Growing a CPA firm takes quite bit more than landing a few high-value clients. Many small CPA firms run themselves into the ground because they don’t take into account many of the common issues that significantly reduce profitability. If you’re starting or trying to grow your CPA firm this year, take a look at this quick playbook. This guide should help you begin planning a winning growth strategy.
1. Create a virtual practice
The hardest thing about starting a firm from scratch is that it takes a while to get clients. Running a traditional, brick-and-mortar CPA firm not only increases your cost of doing business, it also limits the number of clients you can potentially work with.
Expand your network outside of your local region. This is smart for two reasons.
First, there’s a good chance that your CPA license allows you to work with clients in different states. There may be some exceptions to this, and you should certainly do your due diligence to make sure you’re not breaking any laws. However, in most U.S. states, a CPA license can be used to service clients in many other states.
That means there’s no real benefit to limiting your services to only those within a reasonable driving distance. When you expand outward, as far as reasonably possible, you create a larger addressable market for yourself.
The second thing to consider is the cost of doing business. Running a physical, brick-and-mortar operation is going to carry more overhead, including travel costs. Conversely, when you operate a virtual practice, you can eliminate most of the common fixed overhead costs that are unavoidable with a brick-and-mortar operation.
2. Create a profit-focused pricing structure
A business that’s constantly running in the red is a failing business. There’s no getting around that fact. CPA firms that fail are often ones where the pricing structure is poor and where the founder or CEO is working so many hours on each contract that there’s no return on investment.
As we noted in a previous post on making the right pricing decisions, lowering prices to generate more volume can lead to low margins on low volume. Instead of making yourself the fast food chain of the CPA world, consider the following:
- Know your strengths and what sets your product/services apart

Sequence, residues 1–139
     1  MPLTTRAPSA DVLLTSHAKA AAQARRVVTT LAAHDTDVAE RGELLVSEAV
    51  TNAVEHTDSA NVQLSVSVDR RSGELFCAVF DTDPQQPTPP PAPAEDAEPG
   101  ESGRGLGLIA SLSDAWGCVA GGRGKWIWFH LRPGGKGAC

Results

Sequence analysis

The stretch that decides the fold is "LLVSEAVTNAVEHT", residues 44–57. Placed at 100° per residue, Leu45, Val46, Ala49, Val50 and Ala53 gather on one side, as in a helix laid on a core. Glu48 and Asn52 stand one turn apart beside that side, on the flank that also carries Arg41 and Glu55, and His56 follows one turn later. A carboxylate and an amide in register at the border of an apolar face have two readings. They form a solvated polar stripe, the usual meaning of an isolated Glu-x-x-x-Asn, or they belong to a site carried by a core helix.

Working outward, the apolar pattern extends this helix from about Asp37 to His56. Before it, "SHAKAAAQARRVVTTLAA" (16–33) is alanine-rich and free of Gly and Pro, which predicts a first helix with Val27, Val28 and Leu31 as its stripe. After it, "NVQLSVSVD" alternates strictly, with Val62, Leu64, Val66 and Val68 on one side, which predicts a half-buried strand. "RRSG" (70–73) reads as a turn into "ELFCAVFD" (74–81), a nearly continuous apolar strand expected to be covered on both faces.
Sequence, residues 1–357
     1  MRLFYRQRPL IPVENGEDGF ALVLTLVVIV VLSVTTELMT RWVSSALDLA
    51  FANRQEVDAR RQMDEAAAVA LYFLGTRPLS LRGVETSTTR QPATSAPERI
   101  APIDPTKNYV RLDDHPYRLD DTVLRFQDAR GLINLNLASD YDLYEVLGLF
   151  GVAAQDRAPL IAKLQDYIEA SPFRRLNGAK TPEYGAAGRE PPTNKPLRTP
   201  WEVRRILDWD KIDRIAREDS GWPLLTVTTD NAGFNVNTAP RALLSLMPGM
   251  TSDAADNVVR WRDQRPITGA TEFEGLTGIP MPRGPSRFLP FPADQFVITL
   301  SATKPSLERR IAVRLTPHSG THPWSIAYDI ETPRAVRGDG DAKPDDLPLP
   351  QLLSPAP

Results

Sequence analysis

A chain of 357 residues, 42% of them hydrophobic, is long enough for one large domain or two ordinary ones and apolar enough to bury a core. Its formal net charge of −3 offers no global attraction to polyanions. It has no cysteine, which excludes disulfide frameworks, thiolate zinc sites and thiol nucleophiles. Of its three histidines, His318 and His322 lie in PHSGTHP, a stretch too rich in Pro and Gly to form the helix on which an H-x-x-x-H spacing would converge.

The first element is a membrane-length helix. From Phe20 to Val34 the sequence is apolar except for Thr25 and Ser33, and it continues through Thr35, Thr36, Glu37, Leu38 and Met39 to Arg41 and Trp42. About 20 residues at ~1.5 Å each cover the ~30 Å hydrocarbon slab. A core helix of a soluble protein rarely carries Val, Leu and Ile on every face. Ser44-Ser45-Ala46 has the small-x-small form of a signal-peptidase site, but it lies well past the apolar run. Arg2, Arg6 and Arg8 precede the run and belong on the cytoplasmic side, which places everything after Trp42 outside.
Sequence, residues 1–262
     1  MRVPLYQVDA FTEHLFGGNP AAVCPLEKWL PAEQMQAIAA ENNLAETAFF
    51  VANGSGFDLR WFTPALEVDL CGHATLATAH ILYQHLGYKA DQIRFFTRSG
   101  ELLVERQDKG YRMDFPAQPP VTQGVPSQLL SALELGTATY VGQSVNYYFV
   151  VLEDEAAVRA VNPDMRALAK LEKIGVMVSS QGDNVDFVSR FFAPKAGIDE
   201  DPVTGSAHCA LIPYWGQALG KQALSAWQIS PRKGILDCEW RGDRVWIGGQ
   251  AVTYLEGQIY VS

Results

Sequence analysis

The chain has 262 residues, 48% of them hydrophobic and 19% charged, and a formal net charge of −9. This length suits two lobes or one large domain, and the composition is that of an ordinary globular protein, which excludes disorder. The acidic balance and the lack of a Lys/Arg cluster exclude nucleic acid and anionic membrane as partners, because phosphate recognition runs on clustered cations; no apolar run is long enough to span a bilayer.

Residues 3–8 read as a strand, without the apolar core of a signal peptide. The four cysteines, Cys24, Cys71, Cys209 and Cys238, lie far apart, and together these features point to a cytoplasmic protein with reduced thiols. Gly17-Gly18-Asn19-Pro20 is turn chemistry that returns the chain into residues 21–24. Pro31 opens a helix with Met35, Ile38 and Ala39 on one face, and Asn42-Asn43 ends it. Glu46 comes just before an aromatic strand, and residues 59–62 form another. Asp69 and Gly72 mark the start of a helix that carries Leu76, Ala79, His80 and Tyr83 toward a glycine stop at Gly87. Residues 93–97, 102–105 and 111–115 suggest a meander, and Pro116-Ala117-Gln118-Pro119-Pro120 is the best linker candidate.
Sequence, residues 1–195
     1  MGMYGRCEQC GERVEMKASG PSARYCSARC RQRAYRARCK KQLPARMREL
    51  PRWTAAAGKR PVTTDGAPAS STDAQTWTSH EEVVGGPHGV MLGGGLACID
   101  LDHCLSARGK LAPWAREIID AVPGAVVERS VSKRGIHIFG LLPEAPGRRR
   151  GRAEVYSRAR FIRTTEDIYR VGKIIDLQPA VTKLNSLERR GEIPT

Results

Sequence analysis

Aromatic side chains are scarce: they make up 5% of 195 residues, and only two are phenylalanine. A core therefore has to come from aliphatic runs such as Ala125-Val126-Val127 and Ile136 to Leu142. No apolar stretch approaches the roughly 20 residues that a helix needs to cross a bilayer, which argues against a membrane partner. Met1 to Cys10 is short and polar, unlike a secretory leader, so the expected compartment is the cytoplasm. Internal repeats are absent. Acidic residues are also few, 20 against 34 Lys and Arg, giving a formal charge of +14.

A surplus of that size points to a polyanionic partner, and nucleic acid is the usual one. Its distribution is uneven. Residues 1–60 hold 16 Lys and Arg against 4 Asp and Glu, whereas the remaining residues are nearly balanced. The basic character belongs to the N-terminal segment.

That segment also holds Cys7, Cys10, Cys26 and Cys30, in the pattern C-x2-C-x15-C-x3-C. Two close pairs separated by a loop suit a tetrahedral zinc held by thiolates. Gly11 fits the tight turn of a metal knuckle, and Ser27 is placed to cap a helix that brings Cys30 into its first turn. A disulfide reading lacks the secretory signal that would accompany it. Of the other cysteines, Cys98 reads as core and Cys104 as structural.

- Think about what your clients need
- Do recon to understand your competition
Run some pricing scenarios. Determine where you can price competitively, and where you may need to optimize processes to increase returns.
3. Create repeatable and scalable processes
A common trapping for CPA firms is that they become personality-driven. If the firm’s growth or strength relies on the personality of one or two individuals, and not necessarily the processes that they provide, that firm is on shaky ground. What happens if those top personalities leave? Could the business survive?
The answer to that should always be “yes, we could survive.” If you’re even a little bit unsure, that’s a troubling sign. It means you’ve placed too much weight on personalities to drive revenue and business, instead of superior processes that can be performed by any high-functioning CPAs.
The best way to avoid this is to backtrack and make sure you have the right processes in place. Document how you perform your business. Make sure everyone who works for you is trained in performing the same processes.
We’re not saying you should avoid hiring people with excellent personalities, of course. When you can find those super-star personalities who excel at the business, you definitely want to bring them on board. But don’t let the success of the company rely solely on its ability to charm. Make sure the success is built on their ability to perform the processes you’ve created that lead to winning engagements with customers.
4. Develop a hiring process that reaches the right people
You can’t grow a CPA firm without eventually hiring other accountants. Once you do reach the point where you can scale and hire, your future success will depend on getting the right people in place the first time.
Hiring wrong is exceptionally expensive. If you don’t hire the right people, you’ll find yourself having to pick up the slack for work they didn’t perform well (or at all), reducing the time you have to spend with additional clients. And those poor-fit hires will likely quit or have to be fired, again reducing your ability to work contracts.
For more advice on creating a better hiring process, we recommend you check out Episode 76 of the Virtual CPA Success Show, Improve Your Hiring Strategy with Jamie Van Cuyk.
Hiring someone with the right skills is always going to be important. However, you also need to consider whether that person has the right personality and temperament to work well with you and with your customers.
Need to know more? The Virtual CFO Playbook, How to Land $60,000 a Year Clients and Provide A Killer Client Experience is an online series of modules that will equip you with essential tools for creating and delivering scalable VCFO services. These approaches have helped Summit CPA grow from $500,000 to upwards of 5 million in revenue over the past decade.
You can enroll now to get access to the full, in-depth course.